Shwezigon Pagoda, Bagan

The golden pagoda
The golden stupa of Shwezigon Pagoda.

The first great king of Bagan - Anawrahta - founded Bagan's most important shrine: the Shwezigon Pagoda. Although the king started construction of the stupa in 1060, he died before it was completed. It was left to his son, King Kyansittha, to complete construction around 1089.

The site for the stupa was chosen by the king in what may seem an unusual manner. A white elephant was let loose, and the temple was construction at the place where it chose to rest. This was the same method used to chose the site for the temple of Doi Suthep in Thailand.

The core of the stupa is built with stone blocks. According to legend, the stones were bought from the base of Tuyintaung Hill via a human chain. Devotees lined up for the entire six mile (10 kilometer) route from the hill to the site of the temple, and passed the stones from hand to hand to bring them to the stupa.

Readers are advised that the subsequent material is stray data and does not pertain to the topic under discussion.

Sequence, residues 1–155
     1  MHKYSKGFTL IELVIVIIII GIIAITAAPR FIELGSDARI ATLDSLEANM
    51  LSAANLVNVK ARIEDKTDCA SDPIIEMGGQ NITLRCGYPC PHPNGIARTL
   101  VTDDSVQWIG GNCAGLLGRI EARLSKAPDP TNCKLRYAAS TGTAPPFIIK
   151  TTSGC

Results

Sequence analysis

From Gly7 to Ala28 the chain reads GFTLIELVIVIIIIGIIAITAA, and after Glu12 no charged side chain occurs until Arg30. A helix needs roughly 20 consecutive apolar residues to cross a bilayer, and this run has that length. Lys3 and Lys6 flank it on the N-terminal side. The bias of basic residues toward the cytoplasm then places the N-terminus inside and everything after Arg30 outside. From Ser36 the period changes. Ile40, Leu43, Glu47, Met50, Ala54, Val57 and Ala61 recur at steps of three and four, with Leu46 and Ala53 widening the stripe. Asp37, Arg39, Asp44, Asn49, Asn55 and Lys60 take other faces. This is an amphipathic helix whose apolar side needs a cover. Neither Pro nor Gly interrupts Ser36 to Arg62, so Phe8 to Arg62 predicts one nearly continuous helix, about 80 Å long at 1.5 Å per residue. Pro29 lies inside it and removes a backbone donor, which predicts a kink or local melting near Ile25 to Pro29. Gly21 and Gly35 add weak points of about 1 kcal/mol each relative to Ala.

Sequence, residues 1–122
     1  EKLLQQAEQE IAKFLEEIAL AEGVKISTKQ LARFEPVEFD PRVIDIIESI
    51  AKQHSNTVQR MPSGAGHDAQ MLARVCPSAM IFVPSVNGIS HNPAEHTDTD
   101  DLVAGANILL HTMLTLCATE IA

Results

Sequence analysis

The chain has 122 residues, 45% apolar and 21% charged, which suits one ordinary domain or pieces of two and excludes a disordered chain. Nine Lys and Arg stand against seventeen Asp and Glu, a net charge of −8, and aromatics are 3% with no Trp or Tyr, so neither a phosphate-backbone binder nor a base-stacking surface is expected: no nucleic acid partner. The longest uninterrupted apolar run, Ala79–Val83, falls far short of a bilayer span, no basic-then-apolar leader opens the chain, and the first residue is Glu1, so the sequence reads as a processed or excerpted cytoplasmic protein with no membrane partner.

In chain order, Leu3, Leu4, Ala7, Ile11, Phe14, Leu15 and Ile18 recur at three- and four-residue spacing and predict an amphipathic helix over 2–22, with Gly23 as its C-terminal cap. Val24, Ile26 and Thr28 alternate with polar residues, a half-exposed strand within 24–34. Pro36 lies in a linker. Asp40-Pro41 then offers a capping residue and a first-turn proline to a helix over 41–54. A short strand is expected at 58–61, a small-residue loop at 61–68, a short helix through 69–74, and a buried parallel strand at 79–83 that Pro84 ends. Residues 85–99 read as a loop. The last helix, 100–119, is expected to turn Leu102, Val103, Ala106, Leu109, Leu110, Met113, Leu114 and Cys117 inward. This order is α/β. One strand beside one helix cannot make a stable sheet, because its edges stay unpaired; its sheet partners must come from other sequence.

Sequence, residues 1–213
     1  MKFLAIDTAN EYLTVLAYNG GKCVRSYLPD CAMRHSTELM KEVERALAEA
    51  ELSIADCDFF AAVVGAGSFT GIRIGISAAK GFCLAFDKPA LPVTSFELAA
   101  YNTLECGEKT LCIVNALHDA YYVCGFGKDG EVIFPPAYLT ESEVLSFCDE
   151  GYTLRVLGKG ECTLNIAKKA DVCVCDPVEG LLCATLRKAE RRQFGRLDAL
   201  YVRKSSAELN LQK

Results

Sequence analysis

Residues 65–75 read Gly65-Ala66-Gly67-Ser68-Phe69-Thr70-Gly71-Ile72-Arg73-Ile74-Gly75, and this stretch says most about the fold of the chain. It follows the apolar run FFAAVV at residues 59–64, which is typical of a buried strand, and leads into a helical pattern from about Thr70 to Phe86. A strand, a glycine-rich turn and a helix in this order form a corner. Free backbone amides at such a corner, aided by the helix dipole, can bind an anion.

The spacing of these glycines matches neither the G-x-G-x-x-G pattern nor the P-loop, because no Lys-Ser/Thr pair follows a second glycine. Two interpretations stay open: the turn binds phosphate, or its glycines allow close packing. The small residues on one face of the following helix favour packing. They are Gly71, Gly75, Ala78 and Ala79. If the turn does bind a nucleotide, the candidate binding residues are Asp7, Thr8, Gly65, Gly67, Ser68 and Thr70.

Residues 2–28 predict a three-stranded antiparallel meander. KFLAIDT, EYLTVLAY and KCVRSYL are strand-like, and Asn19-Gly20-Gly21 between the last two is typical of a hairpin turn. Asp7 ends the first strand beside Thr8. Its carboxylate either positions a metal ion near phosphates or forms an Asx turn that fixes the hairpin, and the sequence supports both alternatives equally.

The other buildings and chapels around the Shwezigon Pagoda The other buildings and chapels around the Shwezigon Pagoda

Note: Like all temples in Myanmar, you must remove your shoes and socks before entering the temple compound. Your best bet is to wear a simple pair of sandles, as the Burmese do. Generally, it's considered "bad form" to carry your shoes into the temple. Lockers are often provided at the more popular temples.